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Last edited by kullervopete on Thu Oct 11, 2007 3:45 am; edited 1 time in total
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Andrew B
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PostPosted: Thu Oct 11, 2007 12:29 am    Post subject: Reply with quote

Yes, I agree absolutely. I don't think it is the conductor's job to tinker with the scoring of a piece. With a composer of Sibelius's stature it's actually quite an insult. And I'm surprised that such an experienced Sibelian as Sir Colin couldn't find a way to play the notes as written and still make it effective.

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kullervopete
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PostPosted: Fri Oct 12, 2007 3:24 am    Post subject: Reply with quote

Very true, but Sir Colin sadly is not alone.
Neeme Jarvi played the first violin part an octave higher than Sibelius had written in the Finale of the first Symphony [letter R-S in the score]
Paavo Berglund who has perhaps studied Sibelius's scores has much as anyone actually omitts a passage from [letter D in the score] from Lemminkainen's Return in his Philharmonia recording. And yet in his earlier Bournmouth recording it is complete.
Conductors should not take licence with these scores, Sibelius knew what he was doing.--kullervopete.

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Andrew B
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PostPosted: Sat Oct 13, 2007 5:26 am    Post subject: Reply with quote

You are right, and the examples you mention have long annoyed me!
I once asked PB to explain the cut in Lemminkäinen’s Return; the best excuse he could come up with was that he preferred it that way.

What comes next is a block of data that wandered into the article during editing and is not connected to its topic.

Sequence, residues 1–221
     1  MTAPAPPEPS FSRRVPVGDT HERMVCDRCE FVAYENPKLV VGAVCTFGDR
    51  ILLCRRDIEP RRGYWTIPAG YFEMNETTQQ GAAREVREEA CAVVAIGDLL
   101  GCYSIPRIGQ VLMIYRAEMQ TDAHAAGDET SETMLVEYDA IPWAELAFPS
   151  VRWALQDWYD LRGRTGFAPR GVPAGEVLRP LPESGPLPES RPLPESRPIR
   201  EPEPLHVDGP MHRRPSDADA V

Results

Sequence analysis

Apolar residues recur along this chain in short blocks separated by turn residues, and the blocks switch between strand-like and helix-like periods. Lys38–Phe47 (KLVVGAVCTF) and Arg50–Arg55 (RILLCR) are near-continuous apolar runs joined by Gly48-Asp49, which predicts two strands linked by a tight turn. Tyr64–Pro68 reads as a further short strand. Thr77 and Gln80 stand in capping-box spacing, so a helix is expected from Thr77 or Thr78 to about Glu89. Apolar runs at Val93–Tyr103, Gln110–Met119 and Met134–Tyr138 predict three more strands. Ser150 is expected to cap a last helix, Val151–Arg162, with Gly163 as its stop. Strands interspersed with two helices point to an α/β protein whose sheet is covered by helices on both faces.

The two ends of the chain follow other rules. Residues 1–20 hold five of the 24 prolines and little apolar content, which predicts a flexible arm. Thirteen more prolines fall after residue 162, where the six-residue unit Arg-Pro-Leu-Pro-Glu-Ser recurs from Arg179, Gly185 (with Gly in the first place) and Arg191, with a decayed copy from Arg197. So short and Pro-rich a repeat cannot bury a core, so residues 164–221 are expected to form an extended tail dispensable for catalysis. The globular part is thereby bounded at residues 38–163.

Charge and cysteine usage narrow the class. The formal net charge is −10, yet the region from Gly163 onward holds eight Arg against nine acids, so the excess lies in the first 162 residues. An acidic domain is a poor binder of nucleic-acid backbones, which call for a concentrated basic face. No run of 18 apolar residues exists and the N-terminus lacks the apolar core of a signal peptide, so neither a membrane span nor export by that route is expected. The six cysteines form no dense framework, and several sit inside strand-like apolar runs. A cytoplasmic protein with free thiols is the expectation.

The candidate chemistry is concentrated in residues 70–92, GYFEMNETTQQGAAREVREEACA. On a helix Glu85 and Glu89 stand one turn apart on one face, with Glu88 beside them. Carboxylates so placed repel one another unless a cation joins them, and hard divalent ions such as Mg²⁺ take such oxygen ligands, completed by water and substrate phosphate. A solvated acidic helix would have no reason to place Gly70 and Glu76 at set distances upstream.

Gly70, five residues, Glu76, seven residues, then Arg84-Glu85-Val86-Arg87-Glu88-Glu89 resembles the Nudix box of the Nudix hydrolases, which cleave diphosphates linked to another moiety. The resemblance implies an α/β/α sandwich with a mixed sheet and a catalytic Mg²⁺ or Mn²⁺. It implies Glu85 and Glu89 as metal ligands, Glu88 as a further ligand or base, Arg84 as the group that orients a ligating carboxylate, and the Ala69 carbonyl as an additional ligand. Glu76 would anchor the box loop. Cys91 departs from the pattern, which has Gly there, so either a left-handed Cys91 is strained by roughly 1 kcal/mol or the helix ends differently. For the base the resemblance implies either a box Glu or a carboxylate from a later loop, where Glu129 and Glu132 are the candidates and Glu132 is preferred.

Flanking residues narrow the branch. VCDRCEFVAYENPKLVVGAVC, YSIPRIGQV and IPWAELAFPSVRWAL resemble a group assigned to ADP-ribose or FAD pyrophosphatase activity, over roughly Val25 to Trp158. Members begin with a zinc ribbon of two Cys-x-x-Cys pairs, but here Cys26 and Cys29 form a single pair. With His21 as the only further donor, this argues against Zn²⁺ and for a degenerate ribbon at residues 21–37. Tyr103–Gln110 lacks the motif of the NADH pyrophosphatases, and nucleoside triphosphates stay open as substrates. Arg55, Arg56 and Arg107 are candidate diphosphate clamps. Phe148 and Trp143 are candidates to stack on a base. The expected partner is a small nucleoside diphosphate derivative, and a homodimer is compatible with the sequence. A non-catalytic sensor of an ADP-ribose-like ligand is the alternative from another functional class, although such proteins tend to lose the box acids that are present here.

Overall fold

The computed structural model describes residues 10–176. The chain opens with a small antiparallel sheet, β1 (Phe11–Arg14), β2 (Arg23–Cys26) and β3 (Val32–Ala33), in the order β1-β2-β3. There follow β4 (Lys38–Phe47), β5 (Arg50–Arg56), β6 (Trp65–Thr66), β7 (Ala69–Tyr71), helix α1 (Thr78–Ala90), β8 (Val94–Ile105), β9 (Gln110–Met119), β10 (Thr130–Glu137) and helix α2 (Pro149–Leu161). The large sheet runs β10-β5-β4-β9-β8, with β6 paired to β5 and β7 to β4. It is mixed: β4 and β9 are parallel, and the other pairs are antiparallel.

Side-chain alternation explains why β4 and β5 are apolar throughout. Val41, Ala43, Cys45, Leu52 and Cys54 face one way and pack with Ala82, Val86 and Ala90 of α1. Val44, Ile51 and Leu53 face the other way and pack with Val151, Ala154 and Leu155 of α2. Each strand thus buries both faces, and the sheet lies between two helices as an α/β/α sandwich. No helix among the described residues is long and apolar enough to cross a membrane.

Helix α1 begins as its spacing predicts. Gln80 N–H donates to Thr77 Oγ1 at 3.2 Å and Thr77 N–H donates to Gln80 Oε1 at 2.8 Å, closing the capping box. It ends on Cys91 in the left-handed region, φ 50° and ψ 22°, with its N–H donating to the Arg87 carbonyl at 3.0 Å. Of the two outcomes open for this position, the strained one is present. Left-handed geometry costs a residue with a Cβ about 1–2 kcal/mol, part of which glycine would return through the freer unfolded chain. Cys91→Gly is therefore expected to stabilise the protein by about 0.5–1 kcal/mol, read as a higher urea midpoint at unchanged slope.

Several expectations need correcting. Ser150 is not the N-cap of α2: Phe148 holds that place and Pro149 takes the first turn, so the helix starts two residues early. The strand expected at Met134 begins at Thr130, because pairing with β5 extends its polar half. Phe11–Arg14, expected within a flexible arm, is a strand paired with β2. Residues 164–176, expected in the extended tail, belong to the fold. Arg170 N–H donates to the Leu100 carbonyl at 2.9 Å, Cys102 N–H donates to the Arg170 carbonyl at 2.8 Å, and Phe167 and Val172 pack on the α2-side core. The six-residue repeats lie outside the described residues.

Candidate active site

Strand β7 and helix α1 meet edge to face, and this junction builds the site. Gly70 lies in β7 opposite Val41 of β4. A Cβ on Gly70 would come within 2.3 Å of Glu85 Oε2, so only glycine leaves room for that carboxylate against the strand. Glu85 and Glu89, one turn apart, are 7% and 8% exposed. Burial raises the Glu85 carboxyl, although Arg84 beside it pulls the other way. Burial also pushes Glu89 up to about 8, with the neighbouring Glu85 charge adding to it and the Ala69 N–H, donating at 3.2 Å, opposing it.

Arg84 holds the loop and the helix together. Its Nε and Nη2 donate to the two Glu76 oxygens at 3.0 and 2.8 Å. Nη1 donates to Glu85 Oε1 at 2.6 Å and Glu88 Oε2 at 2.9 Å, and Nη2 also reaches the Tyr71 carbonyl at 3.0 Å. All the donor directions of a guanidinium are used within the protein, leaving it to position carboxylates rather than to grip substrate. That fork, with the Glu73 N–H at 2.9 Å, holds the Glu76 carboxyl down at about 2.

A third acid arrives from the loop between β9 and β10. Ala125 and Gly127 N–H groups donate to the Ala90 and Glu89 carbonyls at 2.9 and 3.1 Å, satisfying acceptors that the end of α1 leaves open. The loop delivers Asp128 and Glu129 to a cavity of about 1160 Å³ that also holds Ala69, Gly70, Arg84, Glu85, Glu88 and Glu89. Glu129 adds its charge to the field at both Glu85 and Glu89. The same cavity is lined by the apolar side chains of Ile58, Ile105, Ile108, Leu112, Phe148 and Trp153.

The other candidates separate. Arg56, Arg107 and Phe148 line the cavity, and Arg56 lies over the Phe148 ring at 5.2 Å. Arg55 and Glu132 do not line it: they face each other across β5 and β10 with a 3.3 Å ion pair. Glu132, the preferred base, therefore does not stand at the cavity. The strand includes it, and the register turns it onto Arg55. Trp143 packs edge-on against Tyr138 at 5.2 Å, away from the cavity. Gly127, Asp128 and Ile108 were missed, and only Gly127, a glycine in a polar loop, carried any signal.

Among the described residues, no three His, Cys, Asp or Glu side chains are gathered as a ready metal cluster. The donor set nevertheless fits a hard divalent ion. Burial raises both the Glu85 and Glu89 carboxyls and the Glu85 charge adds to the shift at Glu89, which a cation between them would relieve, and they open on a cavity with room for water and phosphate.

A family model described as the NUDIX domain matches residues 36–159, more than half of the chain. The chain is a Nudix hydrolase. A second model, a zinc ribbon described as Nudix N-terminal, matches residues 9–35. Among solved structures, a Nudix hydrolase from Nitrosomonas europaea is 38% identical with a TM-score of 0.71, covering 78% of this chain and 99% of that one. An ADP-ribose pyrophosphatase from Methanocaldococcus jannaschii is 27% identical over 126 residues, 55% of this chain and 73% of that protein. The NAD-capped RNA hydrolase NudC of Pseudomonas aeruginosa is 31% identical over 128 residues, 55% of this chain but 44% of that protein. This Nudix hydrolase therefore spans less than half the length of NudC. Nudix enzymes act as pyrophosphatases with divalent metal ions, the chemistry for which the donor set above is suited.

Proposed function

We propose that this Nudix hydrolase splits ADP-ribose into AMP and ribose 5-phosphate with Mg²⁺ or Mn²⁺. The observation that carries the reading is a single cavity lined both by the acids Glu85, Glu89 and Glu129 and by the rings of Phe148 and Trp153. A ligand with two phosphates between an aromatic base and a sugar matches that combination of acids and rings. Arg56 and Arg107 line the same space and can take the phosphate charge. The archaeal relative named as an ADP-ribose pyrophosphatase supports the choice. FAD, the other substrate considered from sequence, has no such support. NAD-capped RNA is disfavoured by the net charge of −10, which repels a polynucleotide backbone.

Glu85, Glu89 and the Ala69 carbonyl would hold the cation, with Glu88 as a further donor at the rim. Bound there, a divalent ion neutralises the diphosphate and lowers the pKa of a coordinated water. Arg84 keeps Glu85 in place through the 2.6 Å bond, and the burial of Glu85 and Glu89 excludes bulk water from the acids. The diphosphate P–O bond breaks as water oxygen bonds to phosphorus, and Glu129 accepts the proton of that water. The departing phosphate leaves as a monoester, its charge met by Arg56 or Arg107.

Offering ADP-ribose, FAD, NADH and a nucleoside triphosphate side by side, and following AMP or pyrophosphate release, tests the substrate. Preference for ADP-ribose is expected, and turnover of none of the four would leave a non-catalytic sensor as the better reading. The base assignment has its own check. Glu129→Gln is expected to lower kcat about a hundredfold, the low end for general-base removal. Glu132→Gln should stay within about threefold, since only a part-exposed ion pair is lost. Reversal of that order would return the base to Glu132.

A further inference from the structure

Then it comes to recordings a related issue, but perhaps more forgivable, is when the score itself contains ossia. So while I don’t condone Anthony Collins (LSO) and Paul Kletzki (Philharmonia Orchestra) making two small cuts in the finale of No. 3, at least there is a nominal justification for it. Likewise Flagstad singing the top note in Höstkväll a third lower than written. Still, in a recording situation where retakes are possible, you’d have thought that artists of this calibre would have gone the last mile.

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mkemp
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PostPosted: Wed Oct 17, 2007 3:03 am    Post subject: Reply with quote

I have found the chamber work asked for in my very first posting. It is the Canzonetta op 62a for clarinet bass clarinet and 4 horns! But in fact, as somebody suggested, arranged by a third party- Stravinsky. Probably not often played becasue of the number of horns.

Martin

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PostPosted: Thu Oct 25, 2007 7:01 am    Post subject: Reply with quote